Effective Collaboration

For this week’s module on Developing Coaching Skills, we looked at two standards from ISTE. The first was 1D from Visionary Leadership “Implement strategies for initiating and sustaining technology innovations and manage the change process in schools and classrooms” and the second was 2f from Teaching, Learning, and Assessment “Coach teachers in and model incorporation of research-based best practices in instructional design when planning technology-enhanced learning experiences”. With these standards and using the guiding question of what roles communication and collaboration play in successful coaching, I wanted to learn more about effective collaboration skills. This leads me to ask ” What are effective collaboration tips for successful peer coaching?”

According to Merriam-Webster, collaboration is “to work jointly with others or together especially in an intellectual endeavor”. Knowing what collaboration is the first part of making it successful. In an article published on Scholastic by Kriscia Cabral “In collaborative working environments, teachers have the potential to create professional development schools, teacher study groups, teacher-researcher partnerships, professional learning communities, peer-coaching, collaborative problem-solving, and teacher-mentoring.” This statement brought me back to my original question of what are effective collaboration tips? Plus what can we do to create a collaborative working environment?

Creating a Collaborative Work Environment

Kriscia Cabral who wrote Strategies for Effective Collaboration developed some tips for teachers and coaches to create effective collaboration environments.

Creating a Working Agreement– This is created in a collaborative setting where every voice shares expectations and then as a team four to seven expectations are agreed upon. These agreements are powerful in that they are created as a group and created with the group in mind.  It reminds everyone all of what is expected of others and ourselves when meetings take place. Below is an example of what a working agreement might look like. This is what my Kindergarten team and I review each year.

Have an Agenda– Before starting a meeting, set an agenda that can realistically be followed. Again, have this posted on a whiteboard or poster paper. The agenda is a guide for the time you have together as a team. It is a visual reminder of what is planned for discussion and decision-making. The agenda also helps to keep the time spent together somewhat guided and on topic. The screenshot below is an example of an agenda. This is the agenda my team and I use each week for our meetings. To make it easy for all members to contribute topics or ideas it lives on our OneNote where we collaborate together.  Cabral stated in her article that her team uses a “parking lot” system to keep track of ideas and questions that they would like to discuss at any given point. These items might not be immediate issues but it’s a good way to keep track so those thoughts can be revisited.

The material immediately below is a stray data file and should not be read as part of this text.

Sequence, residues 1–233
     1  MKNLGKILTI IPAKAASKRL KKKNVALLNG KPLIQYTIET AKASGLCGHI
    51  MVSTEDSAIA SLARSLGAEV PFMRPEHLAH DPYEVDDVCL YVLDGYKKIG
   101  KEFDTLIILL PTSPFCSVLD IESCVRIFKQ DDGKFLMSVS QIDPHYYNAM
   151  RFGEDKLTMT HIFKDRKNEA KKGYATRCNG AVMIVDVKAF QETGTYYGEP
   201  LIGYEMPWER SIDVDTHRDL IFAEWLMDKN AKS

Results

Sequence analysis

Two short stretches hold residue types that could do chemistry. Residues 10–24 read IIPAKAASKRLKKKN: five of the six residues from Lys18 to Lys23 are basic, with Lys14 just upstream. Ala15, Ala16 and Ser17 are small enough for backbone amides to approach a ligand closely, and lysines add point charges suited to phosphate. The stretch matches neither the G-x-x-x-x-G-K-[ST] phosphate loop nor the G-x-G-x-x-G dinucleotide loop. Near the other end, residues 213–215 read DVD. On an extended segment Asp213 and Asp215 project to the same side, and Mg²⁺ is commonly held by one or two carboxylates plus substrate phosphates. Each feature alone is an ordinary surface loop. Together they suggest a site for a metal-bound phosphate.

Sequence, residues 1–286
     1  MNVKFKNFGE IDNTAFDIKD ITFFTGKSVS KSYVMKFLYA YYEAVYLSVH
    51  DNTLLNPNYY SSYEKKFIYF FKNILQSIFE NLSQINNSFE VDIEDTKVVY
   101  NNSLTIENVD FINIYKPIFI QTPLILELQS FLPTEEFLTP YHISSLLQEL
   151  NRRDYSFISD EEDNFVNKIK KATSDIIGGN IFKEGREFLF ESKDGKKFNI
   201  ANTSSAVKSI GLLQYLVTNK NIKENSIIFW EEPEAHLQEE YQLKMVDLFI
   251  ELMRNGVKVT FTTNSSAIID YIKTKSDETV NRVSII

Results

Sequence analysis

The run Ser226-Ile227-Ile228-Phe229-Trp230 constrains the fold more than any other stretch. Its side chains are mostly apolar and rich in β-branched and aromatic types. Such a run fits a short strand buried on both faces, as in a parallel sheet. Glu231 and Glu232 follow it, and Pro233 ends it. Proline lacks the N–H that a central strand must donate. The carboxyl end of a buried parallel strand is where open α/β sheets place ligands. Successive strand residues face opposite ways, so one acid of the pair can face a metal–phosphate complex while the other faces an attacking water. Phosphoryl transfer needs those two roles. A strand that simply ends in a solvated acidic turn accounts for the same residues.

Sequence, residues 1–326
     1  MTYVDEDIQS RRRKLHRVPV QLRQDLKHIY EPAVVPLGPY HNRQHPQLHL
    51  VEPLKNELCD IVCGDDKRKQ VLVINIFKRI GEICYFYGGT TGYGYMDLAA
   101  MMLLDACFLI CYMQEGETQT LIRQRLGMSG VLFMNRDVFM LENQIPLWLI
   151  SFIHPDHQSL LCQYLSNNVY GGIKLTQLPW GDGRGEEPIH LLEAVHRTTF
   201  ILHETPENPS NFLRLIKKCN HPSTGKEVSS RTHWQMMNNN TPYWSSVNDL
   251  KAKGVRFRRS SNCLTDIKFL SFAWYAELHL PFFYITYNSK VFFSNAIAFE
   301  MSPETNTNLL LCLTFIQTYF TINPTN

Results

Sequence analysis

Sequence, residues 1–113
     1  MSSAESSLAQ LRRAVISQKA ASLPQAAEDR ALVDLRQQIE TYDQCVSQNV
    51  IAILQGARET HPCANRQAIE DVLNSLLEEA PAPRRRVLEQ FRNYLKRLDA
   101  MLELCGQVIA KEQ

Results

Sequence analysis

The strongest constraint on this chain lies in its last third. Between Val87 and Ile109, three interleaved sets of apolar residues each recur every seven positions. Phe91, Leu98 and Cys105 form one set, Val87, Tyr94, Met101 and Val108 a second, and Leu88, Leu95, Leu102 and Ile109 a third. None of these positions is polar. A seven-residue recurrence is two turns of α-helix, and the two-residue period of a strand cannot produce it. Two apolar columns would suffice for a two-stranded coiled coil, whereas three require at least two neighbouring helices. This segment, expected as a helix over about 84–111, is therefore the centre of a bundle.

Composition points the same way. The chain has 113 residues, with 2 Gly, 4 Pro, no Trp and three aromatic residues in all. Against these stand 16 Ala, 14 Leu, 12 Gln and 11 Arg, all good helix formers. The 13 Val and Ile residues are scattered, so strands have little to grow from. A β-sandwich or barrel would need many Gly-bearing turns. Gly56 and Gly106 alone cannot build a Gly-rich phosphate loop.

Communicate– One curial part of successful collaboration is communication and how to communicate well.  Have trust in your team and be willing to share your thoughts often. Actively listen as colleagues share their ideas. Come up with a system that works for your team when it is time to make a consensus. One strategy from Cabral’s article is the “Fist to Five” strategy. Team members show a five all the way to a fist to show how strongly they feel on the given topic. This is a strategy that can be used among peers, as long as it has been agreed upon by the entire group.

Find Other Ways to Connect– There is so much to be said about nurturing strong relationships and how that helps us accomplish goals. If possible, plan a more social gathering with your colleagues. Try and connect outside of the workplace and gain an understanding of where others come from. Not only is it nice to get out and talk about something else besides work, but it also gives you and your colleagues an opportunity to build upon the already established relationship.

Conclusion

For effective collaboration to take place coaches and peers need to work together to build relationships and trust. This can take place by having open communication, norms, and agenda based around a topic the peer wants to work on.  This inspires peers to deepen their thinking.

3 Comments

  1. Kelsey,
    This post is so helpful to me as I work in a similar team setting. I am impressed by this work you have put in and I imagine your meetings are very efficient because of this! Thanks for sharing!

  2. Thanks for sharing a powerful set of resources your team has used to promote effective collaboration. It would be valuable to learn more about how the team’s use of these tools has shaped collaboration, and how that collaboration is shaping teacher practice and student learning.

  3. Kelsey, I really enjoyed how your married the theory (i.e. what would create a positive, collaborative environment) with practical application demonstrating how you use these concepts with your own collaboration team. I was curious, based on your own experiences, what communication advice do you have for those looking to start their own collaborative teams?

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